A Short History of Home Brewing
Story and Photography by Darian Stout
Throw chemistry in a stainless-steel kettle, add some microbiology, drop in a dash of recipe building, stir gently, heat, rest, heat, cool, add yeast and let bubble for a couple of weeks. The result could be either the most delicious beverage your mouth has gotten to guzzle or a laborious dud. Luckily, home-brewing culture is concerned with camaraderie as much as it is with flavor. Brew club members offer open palates and minds to help individual brewers improve their efforts. In the end, the maker is rewarded for his or her lengthy task of creating by winning over a share of taste buds.
Home brewers range from casual to obsessive. David Shreffler, of Team Science Brewing Club, demonstrates how an afternoon of brewing can be as casual as making homemade bread. Instead of a mixer, he stirs grain and water together in a 10-gallon Rubbermaid cooler with a three-foot-long glorified spoon called a “mash paddle.” Instead of an oven, he uses an outdoor burner commonly used for frying turkeys. Utensils lining the counter attempt to turn this residential kitchen into a commercial lab. Aromas of malted grain mix in the air.
David is barefoot as he stirs the grist, checks temperatures, heats water, measures the amount of sugar in the unfermented beer and sips a brew. Today, he is working without the help of the Team Science Brewing Club, which, David explains, is small for a home brewing group. It consists of about five friends who share ideas before, during and after the brewing session. While not every member may be present for all steps along the way, they will certainly be present at the end to taste and critique each batch. David encourages others to give home fermentation a try “because you get to make something with your hands.” His hands remain busy for the next few hours, but his vision for future brewing includes devising a way to use “small computers and pumps” to make the brewing process easier, saving the heavy lifting of large kettles of liquid for his son.
Team Science and David himself represent a band of DIY’ers that would rather make their own version of an IPA than select it from the beer cooler. Their self-reliant and self-sustainable outlook joins the ranks of those growing food, fermenting, preserving, cheese-making, roasting coffee beans and distilling. Part of the allure of home brewing, as well as other DIY crafts, is the challenge to create something from scratch. Sharing the end product creates an excitement for the brewer akin to a chef plating up food for his fellow chefs.
Brewers of all types circle around boiling kettles for plain fun. Their obsession for unique beer echoes the diverse community they gather in. Gary Grobeck, founder of the Benson Homebrewer Fest, and 20-year veteran of home brewing, speaks of the desolate beer scene before he started making his own, “Beer wasn’t nearly as good then.” The best Gary could recall was a “dark beer called Augsburger from Wisconsin.” The lack of American variety led famous home brewers such as Charlie Papazian (author of the bible to the home brewing movement, The Complete Joy of Homebrewing) to create their own renditions of staples found across the globe but not necessarily in their local grocery store aisle.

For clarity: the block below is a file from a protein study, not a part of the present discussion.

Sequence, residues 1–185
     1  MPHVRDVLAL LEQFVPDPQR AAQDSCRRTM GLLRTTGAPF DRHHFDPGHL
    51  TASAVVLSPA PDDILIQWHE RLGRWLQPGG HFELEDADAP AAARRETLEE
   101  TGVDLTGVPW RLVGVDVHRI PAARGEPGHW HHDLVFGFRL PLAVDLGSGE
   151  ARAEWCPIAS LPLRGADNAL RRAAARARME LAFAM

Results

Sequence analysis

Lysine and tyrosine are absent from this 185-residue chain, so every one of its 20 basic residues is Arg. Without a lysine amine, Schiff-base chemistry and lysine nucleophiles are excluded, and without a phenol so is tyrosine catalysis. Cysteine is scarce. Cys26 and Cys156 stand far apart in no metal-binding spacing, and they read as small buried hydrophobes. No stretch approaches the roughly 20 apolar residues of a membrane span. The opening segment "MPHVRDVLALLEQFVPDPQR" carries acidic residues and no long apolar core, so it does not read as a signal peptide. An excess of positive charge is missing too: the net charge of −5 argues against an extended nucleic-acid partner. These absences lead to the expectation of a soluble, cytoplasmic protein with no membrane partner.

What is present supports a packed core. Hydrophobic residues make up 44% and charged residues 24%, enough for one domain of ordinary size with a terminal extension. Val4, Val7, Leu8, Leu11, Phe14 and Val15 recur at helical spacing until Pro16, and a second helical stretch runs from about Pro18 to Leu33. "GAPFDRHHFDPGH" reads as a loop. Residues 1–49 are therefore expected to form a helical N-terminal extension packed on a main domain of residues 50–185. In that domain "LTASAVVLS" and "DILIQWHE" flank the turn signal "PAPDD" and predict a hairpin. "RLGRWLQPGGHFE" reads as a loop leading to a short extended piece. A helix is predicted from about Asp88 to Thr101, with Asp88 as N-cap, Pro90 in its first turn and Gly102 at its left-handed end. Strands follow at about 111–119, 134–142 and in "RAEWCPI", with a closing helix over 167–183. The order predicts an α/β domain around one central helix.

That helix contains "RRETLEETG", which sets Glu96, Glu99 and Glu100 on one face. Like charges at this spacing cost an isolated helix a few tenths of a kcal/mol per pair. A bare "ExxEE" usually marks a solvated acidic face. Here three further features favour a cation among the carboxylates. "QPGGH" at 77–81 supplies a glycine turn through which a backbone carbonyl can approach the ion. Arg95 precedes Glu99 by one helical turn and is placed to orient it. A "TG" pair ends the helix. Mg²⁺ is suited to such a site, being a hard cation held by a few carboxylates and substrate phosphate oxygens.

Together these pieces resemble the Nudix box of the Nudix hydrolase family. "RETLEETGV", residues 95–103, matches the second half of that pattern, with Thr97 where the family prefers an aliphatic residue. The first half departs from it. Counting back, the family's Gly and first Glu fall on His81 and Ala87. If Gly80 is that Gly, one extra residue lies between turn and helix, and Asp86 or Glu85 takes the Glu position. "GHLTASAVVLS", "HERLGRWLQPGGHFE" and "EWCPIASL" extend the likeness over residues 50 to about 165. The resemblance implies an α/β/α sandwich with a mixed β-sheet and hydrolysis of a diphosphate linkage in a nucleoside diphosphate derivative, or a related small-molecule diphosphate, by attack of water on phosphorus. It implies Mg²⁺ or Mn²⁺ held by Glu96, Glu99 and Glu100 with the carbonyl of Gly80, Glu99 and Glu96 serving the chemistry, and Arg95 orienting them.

Throughout the last few decades, Gary and other home brewers have fueled the interest for much more exciting varieties of beer that microbreweries now share plentifully. Gary himself has created unique brews such as a basil beer, with herbs snipped from his garden, and a chili beer that uses homegrown peppers and spices. These new makers have shown the country that beer isn’t just a post-lawn-mowing refreshment but a potentially complex libation akin to wine.
A good example of a tinkerer, a home brewer who purposefully messes with a good thing in order to blow the taste buds off his fellow competitors, is DeJuan Cribbs. A member of the Local 402 Home Brewers, he was one of the competitors recently vying behind Krug Park’s beautifully hand-built bar for first place at the Benson Homebrewer Fest. On an early November day in preparation for the holidays, DeJuan was serving his Chocolate Candy Cane Porter. The velvety-smooth porter was perfumed with the beautiful menthol smell reminiscent of the white- and red-striped canes and offered notes of dark cocoa and coffee. I imagined sipping it in front of a burning Yule log as I cast my vote for DeJuan.
Taking up such a hobby should not be left to those who avoid all modern convenience and choose to make all food and drink from scratch. Extract kits, where brewers simply boil syrups in water before adding hops and yeast, are designed to show the masses that crafty beer can be made easily on the kitchen stove. Whether or not you decide to invite a club over to help you in the process or enter your end product in a competition, you will be pursuing, as David puts it, “an outlet for construction and invention.” Get in touch with one of the many local brewing groups on Facebook to see the brewing process in action, or visit the new Patriot Homebrew Supply in Elkhorn, Nebraska, to start your own revolution.
Darian Stout pours coffee slow in the morning, cooks lunch with students, makes baby food for dinner and feeds his chickens the scraps. He dreams nightly of dark chocolate, doughnuts and gelato.